Average rates for equity release products reached record lows of 4.11% in July 2020, with more than half of products offering a rate of 4% or lower, and a fifth offering rates below 3%, according to data from the Equity Release Council (ERC).

Equity release rates fell further than other personal borrowing products – mortgages, personal loans, credit cards and overdrafts – over both a one and two-year period.

Product choice for consumers was up 29% from July 2019, and by 88% since the start of 2019, despite a 5% reduction in product numbers from 401 to 379 between January and July 2020.

Claire Barker equilaw

ERC appoints first legal representative to board

Due to the impact of COVID-19, the first half of 2020 saw an overall 14% drop in customer activity from the same period last year, and a 15% drop in new plans agreed.

Q1 saw 11,079 new plans agreed and 21,884 total customers served, falling to 7,341 and 13,617 respectively in Q2.

The report also found that 37p of property wealth was unlocked for every £1 of flexible pension payments in H1 2020.

Products priced above 6%, which made up a quarter (25%) of options on the market in January 2019,  accounted for only 3% of available plans in July 2020.

More than half (55%) of products allowed downsizing protection, a third (35%) enabled customers to make full or partial interest repayments, and over half (56%) allowed repayments on the loan without incurring an early repayment charge.

Jointly held plans continued to make up the majority of new customer activity in July 2020: 58% of new drawdown plans and 59% of new lump sum plans in H1.

The percentage of new drawdown plans taken out by women rose from 27% in H1 2019 to 29% in H1 2020.

Average house prices rose for both new drawdown (£378,749) and lump sum (£346,157) lifetime mortgage customers, both above the UK average of £234,612 – keeping loan sizes in proportion.

The 15,413 returning drawdown customers figure in H1 2020 was down 13% year-on-year to the lowest number seen since H2 2017 (13,209) as people paused to assess the impact of COVID-19 before making use of agreed reserves

David Burrowes, chairman of the ERC, said: “The unprecedented uncertainty of the first six months of 2020 has affected households and businesses alike, with the equity release market no exception.

“While pent-up demand in Q1 led to a strong first quarter, the impact of COVID-19 and the lockdown dominated Q2 before showing initial signs of recovery in June.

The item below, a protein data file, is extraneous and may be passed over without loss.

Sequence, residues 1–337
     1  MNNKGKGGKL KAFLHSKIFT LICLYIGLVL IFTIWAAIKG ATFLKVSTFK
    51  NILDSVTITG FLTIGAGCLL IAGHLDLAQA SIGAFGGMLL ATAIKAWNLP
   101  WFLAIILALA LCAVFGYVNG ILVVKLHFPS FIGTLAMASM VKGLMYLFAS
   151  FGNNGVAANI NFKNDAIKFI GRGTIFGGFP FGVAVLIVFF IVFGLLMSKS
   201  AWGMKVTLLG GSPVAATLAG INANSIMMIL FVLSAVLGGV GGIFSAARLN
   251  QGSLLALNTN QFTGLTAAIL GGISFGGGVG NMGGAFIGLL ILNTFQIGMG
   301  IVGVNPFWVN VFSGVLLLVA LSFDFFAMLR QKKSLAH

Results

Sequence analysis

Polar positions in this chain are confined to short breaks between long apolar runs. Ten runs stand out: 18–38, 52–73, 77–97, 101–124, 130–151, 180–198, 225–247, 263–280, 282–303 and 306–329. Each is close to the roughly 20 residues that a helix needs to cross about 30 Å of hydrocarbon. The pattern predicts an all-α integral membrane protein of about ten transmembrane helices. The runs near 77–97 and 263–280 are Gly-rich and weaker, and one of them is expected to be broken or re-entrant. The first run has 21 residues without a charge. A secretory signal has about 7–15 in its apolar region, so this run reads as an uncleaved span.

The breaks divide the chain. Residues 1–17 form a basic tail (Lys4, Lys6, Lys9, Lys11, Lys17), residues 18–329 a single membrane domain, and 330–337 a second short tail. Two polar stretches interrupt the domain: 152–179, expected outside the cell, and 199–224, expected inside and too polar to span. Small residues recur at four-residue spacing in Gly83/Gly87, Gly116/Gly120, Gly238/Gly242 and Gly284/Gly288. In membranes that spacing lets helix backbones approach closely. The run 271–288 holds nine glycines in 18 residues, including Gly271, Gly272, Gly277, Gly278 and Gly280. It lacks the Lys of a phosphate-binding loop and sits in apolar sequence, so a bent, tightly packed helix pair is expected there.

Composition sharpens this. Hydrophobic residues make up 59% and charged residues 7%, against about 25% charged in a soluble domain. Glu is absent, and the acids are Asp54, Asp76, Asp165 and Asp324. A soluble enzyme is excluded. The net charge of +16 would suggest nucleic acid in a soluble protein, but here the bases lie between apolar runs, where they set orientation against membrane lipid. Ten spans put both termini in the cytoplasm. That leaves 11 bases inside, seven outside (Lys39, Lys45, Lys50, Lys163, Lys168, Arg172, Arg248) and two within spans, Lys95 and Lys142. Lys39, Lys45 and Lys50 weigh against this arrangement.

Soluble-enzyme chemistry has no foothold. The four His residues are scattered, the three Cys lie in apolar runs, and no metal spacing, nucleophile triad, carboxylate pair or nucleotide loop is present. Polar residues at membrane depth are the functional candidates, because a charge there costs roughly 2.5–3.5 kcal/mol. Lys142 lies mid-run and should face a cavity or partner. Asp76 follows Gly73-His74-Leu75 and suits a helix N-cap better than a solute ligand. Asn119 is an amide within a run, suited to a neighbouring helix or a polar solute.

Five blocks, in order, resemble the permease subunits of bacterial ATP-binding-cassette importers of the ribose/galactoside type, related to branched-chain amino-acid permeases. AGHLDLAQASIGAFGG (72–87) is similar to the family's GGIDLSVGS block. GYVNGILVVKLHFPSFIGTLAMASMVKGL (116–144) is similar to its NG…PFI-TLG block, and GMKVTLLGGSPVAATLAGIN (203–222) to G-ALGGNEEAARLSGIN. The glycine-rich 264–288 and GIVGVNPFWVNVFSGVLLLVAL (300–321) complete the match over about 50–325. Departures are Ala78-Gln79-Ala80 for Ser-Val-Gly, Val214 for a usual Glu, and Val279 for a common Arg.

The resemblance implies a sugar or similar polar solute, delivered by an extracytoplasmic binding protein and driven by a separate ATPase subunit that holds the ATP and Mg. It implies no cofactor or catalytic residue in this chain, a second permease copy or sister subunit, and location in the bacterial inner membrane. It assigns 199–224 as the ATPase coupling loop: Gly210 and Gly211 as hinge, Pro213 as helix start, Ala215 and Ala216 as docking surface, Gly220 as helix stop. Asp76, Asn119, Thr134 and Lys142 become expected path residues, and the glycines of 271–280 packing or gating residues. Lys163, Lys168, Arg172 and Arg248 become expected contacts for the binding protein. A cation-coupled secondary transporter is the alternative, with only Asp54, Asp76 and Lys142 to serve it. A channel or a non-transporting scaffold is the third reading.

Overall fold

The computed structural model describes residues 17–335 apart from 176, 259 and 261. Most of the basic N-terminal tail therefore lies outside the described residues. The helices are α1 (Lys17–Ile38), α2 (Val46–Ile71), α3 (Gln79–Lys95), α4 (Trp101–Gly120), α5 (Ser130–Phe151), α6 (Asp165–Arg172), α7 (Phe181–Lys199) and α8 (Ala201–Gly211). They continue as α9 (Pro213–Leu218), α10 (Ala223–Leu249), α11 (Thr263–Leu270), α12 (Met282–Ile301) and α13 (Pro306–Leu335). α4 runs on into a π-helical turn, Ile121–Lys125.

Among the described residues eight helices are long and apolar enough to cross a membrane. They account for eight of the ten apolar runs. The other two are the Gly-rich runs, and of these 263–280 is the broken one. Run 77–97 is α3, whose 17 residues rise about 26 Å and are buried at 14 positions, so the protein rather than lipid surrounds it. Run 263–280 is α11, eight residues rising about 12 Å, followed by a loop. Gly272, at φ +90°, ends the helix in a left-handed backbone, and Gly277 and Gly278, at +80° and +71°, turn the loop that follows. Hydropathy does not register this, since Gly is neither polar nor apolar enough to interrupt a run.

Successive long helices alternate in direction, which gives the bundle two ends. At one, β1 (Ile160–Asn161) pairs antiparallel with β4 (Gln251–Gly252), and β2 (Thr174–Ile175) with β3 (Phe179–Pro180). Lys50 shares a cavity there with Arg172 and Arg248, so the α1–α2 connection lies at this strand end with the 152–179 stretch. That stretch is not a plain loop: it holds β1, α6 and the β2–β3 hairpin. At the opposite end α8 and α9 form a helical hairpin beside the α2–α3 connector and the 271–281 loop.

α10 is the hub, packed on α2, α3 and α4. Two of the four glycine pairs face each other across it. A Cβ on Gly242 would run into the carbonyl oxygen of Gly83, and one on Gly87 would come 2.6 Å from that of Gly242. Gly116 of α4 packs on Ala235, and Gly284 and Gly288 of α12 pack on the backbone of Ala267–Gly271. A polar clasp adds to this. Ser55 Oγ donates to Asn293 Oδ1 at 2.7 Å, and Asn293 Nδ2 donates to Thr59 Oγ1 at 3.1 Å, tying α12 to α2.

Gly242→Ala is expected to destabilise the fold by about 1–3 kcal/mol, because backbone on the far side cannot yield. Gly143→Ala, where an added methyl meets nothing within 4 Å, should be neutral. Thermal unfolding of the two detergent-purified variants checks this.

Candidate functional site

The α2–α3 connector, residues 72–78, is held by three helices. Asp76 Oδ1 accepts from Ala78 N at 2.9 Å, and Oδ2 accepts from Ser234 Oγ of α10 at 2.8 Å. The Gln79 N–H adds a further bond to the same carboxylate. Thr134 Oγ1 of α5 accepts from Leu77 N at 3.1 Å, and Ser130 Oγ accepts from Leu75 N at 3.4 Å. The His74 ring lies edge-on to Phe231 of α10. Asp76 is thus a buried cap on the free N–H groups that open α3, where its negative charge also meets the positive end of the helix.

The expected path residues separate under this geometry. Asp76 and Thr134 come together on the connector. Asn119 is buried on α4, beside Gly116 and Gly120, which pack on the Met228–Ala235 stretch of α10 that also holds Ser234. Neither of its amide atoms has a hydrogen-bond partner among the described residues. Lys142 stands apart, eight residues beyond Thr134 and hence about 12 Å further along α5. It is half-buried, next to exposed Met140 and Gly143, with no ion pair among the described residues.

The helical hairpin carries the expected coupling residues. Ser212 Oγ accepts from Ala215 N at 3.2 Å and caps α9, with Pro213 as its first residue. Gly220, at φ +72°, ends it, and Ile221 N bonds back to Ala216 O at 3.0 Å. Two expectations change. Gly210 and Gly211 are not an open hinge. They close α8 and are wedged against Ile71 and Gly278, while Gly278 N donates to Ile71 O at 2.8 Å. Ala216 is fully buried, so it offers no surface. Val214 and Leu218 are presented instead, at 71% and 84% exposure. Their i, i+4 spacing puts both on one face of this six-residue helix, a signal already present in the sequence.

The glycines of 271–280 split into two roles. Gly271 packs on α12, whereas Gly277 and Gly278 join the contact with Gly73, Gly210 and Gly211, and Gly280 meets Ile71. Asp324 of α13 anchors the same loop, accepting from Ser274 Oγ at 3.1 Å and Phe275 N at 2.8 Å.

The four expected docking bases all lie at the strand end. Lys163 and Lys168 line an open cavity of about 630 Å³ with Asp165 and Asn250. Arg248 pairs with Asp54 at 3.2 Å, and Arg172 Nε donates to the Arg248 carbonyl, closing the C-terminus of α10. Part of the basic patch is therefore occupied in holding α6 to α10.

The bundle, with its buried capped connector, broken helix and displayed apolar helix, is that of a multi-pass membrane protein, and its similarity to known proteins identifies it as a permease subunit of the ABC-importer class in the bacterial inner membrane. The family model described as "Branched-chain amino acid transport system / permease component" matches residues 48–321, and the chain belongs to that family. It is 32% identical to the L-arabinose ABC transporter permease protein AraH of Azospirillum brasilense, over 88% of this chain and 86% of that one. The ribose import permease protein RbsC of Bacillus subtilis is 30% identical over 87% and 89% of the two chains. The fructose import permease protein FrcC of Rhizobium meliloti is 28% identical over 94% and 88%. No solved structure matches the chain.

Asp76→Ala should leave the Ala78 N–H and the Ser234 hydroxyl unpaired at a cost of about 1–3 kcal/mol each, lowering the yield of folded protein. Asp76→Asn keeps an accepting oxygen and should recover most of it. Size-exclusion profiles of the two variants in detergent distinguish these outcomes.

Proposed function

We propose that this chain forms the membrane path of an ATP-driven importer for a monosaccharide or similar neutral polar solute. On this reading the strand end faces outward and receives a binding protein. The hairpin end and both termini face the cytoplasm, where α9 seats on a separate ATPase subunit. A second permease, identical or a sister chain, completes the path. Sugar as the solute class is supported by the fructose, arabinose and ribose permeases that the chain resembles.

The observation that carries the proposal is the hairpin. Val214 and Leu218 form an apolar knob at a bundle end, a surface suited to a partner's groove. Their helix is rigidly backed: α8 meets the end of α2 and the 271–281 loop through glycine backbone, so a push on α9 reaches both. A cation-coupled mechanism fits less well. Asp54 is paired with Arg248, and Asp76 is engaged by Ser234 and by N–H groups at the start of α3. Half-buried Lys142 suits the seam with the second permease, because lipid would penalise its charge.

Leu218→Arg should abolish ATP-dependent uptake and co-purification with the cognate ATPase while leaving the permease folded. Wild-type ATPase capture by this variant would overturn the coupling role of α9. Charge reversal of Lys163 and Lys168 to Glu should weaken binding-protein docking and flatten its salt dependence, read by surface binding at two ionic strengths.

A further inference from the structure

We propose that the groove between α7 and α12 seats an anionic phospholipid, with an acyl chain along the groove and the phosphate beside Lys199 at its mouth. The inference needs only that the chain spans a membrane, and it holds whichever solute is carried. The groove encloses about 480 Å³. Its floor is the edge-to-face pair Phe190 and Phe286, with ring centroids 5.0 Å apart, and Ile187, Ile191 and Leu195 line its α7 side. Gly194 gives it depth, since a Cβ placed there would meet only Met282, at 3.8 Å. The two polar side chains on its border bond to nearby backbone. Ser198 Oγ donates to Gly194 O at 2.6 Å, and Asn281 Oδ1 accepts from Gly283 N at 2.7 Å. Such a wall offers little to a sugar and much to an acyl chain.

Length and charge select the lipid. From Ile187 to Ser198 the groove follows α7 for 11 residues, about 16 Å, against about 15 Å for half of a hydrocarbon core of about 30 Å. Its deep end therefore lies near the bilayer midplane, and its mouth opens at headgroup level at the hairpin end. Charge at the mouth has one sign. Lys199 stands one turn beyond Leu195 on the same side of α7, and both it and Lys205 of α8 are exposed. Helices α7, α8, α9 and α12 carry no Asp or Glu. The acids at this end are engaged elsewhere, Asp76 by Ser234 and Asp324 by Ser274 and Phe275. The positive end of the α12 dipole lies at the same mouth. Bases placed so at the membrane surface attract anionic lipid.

“Despite this uncertainty, the market has shown resilience and consumers considering equity release continue to find a wide range of product options on the market, while the average rate has fallen considerably over the last eighteen months.

“As the UK’s ageing population seeks to fund increasingly longer retirements, property wealth can play a fundamental role for many people, both now and in the future, as part of a more joined-up approach to planning for retirement.

“The challenges that lie ahead show no signs of easing, so it is important that people are aware of all the options available to them to help fund later life.

“We believe the robust standards upheld by the Council, which were evolved last year to be outcomes-focused, provide the highest level of consumer protection of any later life property-based loan.

“Looking ahead, we are committed, now more than ever before, to working with members, industry, government, and regulators to ensure the best possible consumer outcomes.”

Stephen Lowe, group communications director at Just Group, said: “The record start to the year was thrust into reverse when lockdown was announced, presenting huge challenges.

“We quickly moved to home-based working and modified the way we did business to adapt to the new constraints but understandably many potential customers put their financial plans on ice.

“Since those early days of the spring, we have seen activity picking up and returning to pre-COVID levels.

“The structural drivers of growth for the equity release market are strong and will result in people continuing to use home equity to support their later life.

“Customers are benefitting from lower borrowing costs on lifetime mortgages and the rapid expansion of more flexible options.

“These product innovations are helping to attract a broader range of customers from people looking to boost their income, to those needing a cash lump sum and others wishing to gift money as part of estate planning.

“Equity release is not the only market to have witnessed some short term volatility in demand as a result of COVID, but its growth is underpinned by long-term financial and demographic trends.”